it depends on your application and what you do with your strings. Using the SeqAn library can yield more elegant and faster code than using std::string or self-written string classes but it depends on the actual use case.
For Sequences, there are two aspects:
(1) Using SeqAn's Dna5, Dna for characters stores the alphabet as numbers 0..3/4 internally. This makes it easier for indices and mappings since they can work directly and efficiently on the ordinal value (ordValue).
For example, if you are counting the nucleotide content along strings, you can simply have a 4-element container (String in this case) for each position in your reads (thus a String of Strings). Thus, you do not need a possible mapping for 'A' => 0, 'C' => 1, 'G' => 2, 'T' => 3, 'N' => 4 since the mapping is done beforehand.
String<String<unsigned> > counters;
for (unsigned i = 0; i < length(reads); ++i)
// Increase number of counters if reads[i] is longer than the previous reads.
if (length(counters) < length(reads[i]))
unsigned oldSize = length(counters);
for (unsigned j = oldSize; j < length(counters); ++j)
resize(counters[j], 5, 0);
// Count nucleotides for each position in reads[i];
for (unsigned j = 0; j < length(reads[i]); ++j)
counters[ordValue(reads[i][j])] += 1;
(2) SeqAn's String class allows additionally giving an alternative implementation. The default implementation simply uses an array and would store a Dna character in a Byte. By using the Packed String, you can byte-compress four 4-character DNA characters into one Byte (each only needs 2 bits). This comes at the cost of some computation but in this case leads to a 4x memory consumption direction.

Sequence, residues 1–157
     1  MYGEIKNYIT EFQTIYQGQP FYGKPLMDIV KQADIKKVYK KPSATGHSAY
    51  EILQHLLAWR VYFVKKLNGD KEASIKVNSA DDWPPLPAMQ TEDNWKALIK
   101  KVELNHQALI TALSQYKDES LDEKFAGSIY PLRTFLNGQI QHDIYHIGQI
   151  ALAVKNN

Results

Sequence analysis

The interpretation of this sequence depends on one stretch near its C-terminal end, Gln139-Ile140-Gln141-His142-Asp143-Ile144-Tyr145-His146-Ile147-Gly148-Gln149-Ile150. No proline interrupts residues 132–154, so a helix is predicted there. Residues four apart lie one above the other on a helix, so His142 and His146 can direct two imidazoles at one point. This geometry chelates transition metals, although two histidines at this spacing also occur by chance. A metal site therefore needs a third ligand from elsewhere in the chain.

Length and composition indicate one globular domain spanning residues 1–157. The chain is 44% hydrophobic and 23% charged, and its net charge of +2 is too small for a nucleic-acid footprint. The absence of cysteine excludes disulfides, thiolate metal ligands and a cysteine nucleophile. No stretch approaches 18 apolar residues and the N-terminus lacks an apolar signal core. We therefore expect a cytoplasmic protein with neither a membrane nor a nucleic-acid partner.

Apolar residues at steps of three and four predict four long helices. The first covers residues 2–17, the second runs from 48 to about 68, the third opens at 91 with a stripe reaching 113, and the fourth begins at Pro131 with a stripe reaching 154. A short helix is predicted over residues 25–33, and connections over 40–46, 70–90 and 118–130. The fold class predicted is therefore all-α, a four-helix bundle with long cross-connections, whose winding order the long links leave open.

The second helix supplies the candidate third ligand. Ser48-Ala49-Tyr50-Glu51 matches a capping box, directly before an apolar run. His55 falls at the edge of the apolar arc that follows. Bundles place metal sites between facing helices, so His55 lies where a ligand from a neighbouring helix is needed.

We as library writers can now combine these two aspects of sequences and alphabets with generic programming and write algorithms that allow the user to change the alphabet type and the string implementation depending on the user's requirements and get the best possible implementation for this case. Because template specialization allows us to decide for the the correct implementation of ordValue(), length() etc. at *compile time*, we do not need virtual functions and thus no cost for runtime polymorphism.
If you want to use the algorithms in the SeqAn library then you could benefit from using SeqAn sequences. However, many algorithms also work with std::string and without knowing your application and code it is hard to make any promise on acceleartion.
From: Bartha Dániel [firstname.lastname@example.org]
Sent: Wednesday, August 28, 2013 11:49 AM
To: SeqAn Development
Subject: [Seqan-dev] question about the efficiency of the sequan sequence classes
Hi All,i have a big queston there. I wrote an application, that currently uses my own custom std::string based implementation for some dna mutation stuff. I basically have to access every simple character in the dna, and then do something with them, but that is not important for the question.
Live long and prosper